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Effects of Music Therapy on the Behavioral and Psychological Symptoms of Dementia

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Abstract

Clinicians have, over the years, recognized and utilized the therapeutic properties of music in alleviating the psychological and behavioral symptoms of dementia for patients and their caregivers. Dementia encompasses a range of conditions and diseases characterized by the progressive impairment and deterioration of a person’s cognitive domains. Without a cure or treatment available, various non-pharmacological interventions are necessary to optimize the effectiveness of the provided remedies and enhance the well-being of the patients and their carers. Numerous studies have enumerated music therapy’s cognitive and behavioral benefits, mainly when listening or singing is offered in group settings. Such interventions provide a wide range of behavioral, cognitive, and psychosocial advantages to patients. The therapy also enhances the mutuality of communication between clinicians and their clients, increases engagement, and reduces stress levels. This paper explores the clinical effectiveness of music therapy in mitigating the behavioral and psychological effects of dementia on patients and caregivers by reviewing the available quantitative and qualitative literature.

Introduction

Dementia ranks prominently among the most prevalent neurocognitive impairments and is a primary cause of disability, mortality, and dependency. The absence of an effective treatment modality for the disorder has necessitated the development of innovative interventions to assist patients and their caregivers in managing the progressive psychological and behavioral deterioration associated with the condition. The aim of undertaking this literature review is to establish the effectiveness of music therapy in helping people living with dementia and their carers cope with the condition and alleviate the symptoms’ severity. The analysis will evaluate quantitative and qualitative research articles to illuminate the effectiveness of singing and listening to music as a non-pharmacological intervention for dementia patients and their carers.

Background

Historically, healthcare professionals have exploited music’s therapeutic qualities and integrated them to treat and assist patients with mental illnesses. They have used it to improve the health outcomes of their patients, especially in the management and alleviation of the behavioral and psychological symptoms generated by dementia. Montinari et al. (2018) note that music, as a therapeutic intervention, has been used across civilizations for promoting mental and physical healing. Music therapists help caregivers release stress, enhance patient engagement, and promote a mutuality of communication, which significantly stimulates their cognitive, behavioral, and psychosocial wellbeing.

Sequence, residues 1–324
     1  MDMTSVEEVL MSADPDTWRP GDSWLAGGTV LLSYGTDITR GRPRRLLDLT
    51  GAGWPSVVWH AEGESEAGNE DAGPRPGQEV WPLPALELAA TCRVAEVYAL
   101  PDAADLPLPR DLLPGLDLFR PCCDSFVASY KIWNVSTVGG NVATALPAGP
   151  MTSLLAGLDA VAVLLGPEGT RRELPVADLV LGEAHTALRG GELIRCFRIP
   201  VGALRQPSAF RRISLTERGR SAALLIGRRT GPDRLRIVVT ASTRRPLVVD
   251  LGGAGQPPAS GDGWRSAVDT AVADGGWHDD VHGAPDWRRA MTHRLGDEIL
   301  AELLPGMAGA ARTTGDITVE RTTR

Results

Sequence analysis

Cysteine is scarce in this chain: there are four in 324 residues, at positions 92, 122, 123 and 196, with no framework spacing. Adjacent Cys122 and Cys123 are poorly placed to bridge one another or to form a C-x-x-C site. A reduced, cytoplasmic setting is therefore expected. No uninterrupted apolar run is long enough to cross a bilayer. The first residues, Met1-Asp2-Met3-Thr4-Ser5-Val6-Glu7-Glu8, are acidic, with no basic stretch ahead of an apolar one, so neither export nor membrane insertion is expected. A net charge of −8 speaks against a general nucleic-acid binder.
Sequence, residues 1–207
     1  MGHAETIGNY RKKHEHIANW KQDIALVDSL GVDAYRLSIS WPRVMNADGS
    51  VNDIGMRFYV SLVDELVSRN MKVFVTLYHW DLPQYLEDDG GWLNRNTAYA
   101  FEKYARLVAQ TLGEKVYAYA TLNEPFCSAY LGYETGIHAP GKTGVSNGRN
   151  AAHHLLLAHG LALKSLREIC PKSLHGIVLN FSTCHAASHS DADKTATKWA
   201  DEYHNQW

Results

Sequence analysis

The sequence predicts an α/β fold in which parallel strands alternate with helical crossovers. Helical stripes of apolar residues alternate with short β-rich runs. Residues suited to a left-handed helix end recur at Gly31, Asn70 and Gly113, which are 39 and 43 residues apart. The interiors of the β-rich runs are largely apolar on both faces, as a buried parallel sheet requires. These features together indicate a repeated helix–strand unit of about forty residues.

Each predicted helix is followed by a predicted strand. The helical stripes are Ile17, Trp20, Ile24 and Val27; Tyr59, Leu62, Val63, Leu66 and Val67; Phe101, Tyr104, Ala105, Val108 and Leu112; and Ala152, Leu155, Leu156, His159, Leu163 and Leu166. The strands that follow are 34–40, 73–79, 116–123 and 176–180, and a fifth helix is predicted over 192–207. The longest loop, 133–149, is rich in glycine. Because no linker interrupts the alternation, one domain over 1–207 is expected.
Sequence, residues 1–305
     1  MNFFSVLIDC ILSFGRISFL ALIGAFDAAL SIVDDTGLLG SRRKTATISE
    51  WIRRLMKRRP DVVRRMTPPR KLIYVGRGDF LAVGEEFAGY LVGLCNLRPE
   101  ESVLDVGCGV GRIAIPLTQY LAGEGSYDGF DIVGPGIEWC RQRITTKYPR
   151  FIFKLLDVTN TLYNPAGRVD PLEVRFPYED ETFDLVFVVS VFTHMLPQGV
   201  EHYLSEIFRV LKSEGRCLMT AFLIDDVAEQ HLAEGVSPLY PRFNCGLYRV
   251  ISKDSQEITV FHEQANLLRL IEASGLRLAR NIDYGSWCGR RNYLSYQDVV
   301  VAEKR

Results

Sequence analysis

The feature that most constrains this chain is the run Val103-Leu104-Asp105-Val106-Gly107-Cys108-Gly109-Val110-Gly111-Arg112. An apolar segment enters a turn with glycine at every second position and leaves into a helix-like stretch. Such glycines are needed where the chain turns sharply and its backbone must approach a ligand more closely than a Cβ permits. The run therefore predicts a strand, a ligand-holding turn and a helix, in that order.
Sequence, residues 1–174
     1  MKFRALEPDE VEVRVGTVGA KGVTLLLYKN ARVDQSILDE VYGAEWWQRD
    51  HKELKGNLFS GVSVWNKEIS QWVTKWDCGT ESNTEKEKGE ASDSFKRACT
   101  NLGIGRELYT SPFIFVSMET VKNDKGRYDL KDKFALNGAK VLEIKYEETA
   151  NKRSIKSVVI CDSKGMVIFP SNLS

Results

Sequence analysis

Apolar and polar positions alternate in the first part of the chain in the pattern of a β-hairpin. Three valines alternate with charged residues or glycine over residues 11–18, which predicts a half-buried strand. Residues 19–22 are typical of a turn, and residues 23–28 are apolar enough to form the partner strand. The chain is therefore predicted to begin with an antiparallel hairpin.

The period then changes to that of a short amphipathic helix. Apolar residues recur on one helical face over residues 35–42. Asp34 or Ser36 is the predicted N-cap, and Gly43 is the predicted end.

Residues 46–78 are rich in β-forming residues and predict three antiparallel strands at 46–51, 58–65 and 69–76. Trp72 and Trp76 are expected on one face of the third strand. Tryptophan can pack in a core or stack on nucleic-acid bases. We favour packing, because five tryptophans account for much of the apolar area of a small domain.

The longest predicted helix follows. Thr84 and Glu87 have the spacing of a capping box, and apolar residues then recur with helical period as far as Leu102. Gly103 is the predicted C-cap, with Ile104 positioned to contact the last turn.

Problem Statement

The problem explored by this literature review is the effects of music therapy on the psychological and behavioral symptoms of patients living with dementia and their caregivers. The analysis will specifically address music’s benefits as a clinical intervention for mentally ill people and those who provide care. The review aims to gain an in-depth understanding and expand the existing knowledge on the therapeutic effects of music in promoting the overall well-being of nurses and alleviating dementia’s adverse behavioral and psychological symptoms. The insights gained are critical in developing future clinical interventions for managing symptoms and enhancing the accomplishment of positive outcomes for the patient and caregivers.

Literature Review

Dementia patients experience reduced quality of life due to the psychological and behavioral symptoms associated with the condition. The neurological disorder is characterized by the progressive deterioration and impairment of a person’s emotional, cognitive, social, and behavioral functions. The available pharmacological interventions have limited effectiveness in treating numerous aspects and features of the disease. However, other treatment modalities, such as music therapy, have proven effective in decelerating the cognitive decline and significantly restoring standard body functionalities. Further, interactive music sessions accompanied by activities such as dancing and clapping have demonstrated higher efficacy than passive listening.

Effects of Music on Emotional Functionality in Dementia Patients and their Caregivers

Listening and actively participating in music boosts mood, reduces agitation, and promotes emotional stability among dementia patients and their caregivers. A qualitative study exploring the impacts of music therapy-singing group of 37 participants showed that such interventions have multifaceted benefits to the patients and caregivers (Cho, 2018). The survey demonstrated that music experiences significantly promote emotional functionality and stability among the patient and caregivers due to the fulfillment and enjoyment resulting from active engagement. This study provides valuable insights regarding the profoundness and significance of the shared interactions, which activate the patient and carers’ reward system, promoting their positive feelings and overall wellbeing. Although this survey involved a relatively small sample, the findings’ integrity was adversely affected by the reliance on the participants’ self-reports, which was a significant flaw.